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From Mark Struberg <strub...@yahoo.de>
Subject Re: Beans and PassivationCapable
Date Tue, 07 Feb 2017 10:35:10 GMT
Hi Tamás!

I strongly recommend that EVERY Bean<T> should implement PassivationCapable!

The reason is the following: we need that information to serialise the proxies.

Consider you have an 

@ApplicationScoped
public class MailService {....}

Of course this class doesn't need to be Serializable, because it doesn't leave the server,
right?

Now you take a

@SessionScoped
public class MailForm implements Serializable {
 private @Inject MailService mailSvc;
...
}

So the MailForm instances might get serialised to another node.
With this the MailService Contextual Reference (the PROXY!) get's also serialised along as
well.

So while the MailService Contextual Instance (the actual 'application-singleton') does NOT
get serialised, the Contextual Reference (the proxy) *will*.

That means that the Bean needs to be PassivationCapable.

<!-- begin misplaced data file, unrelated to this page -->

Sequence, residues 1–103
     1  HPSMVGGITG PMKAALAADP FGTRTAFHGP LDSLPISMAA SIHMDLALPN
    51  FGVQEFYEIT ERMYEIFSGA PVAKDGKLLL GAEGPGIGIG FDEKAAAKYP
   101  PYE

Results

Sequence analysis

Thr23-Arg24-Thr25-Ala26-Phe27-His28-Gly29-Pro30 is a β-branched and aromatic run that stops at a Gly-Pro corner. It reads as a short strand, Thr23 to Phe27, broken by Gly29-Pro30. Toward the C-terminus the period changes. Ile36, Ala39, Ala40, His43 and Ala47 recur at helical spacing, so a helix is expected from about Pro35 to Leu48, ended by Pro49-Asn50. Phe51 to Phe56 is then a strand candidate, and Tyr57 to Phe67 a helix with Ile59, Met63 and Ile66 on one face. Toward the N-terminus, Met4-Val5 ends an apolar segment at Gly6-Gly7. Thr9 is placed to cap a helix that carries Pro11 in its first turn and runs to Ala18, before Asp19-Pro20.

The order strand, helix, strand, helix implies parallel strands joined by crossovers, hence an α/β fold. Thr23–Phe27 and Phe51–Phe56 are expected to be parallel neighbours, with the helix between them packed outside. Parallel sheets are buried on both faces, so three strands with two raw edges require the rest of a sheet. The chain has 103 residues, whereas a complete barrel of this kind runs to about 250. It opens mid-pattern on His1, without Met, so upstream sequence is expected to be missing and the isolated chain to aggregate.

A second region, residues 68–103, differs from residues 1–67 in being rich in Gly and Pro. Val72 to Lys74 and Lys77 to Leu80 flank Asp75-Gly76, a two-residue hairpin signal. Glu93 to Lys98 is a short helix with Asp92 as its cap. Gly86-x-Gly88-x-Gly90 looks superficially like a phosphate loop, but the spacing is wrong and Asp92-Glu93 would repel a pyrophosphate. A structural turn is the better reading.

Ofc only the Bean<MailService>, not the Contextual Instance of the MailService!

hth.

LieGrue,
strub


> Am 06.02.2017 um 22:12 schrieb Tamás Kimmel <kumm0307@gmail.com>:
> 
> Hi.
> 
> I'm experimenting with a custom cdi context. 
> I've found all Beans for non-Serializable classes are PassivationCapable ( org.apache.webbeans.component.ManagedBean).
> getId returns an id, and beanManager.getPassivationCapableBean works on it.
> - checked Weld, and works same too -
> Are there any circumstances a Bean not instance of PassivationCapable?
> 
> Is it something i can rely on? 
> For example use the passivation id for key in my contextual storage even for beans with
non-serializable beanClasses.
> I know bean classes, interceptors, and decorators have to be Serializable for a working
passivation.
> 
> Thanks in advance,
> Kimmel Tamás
> 


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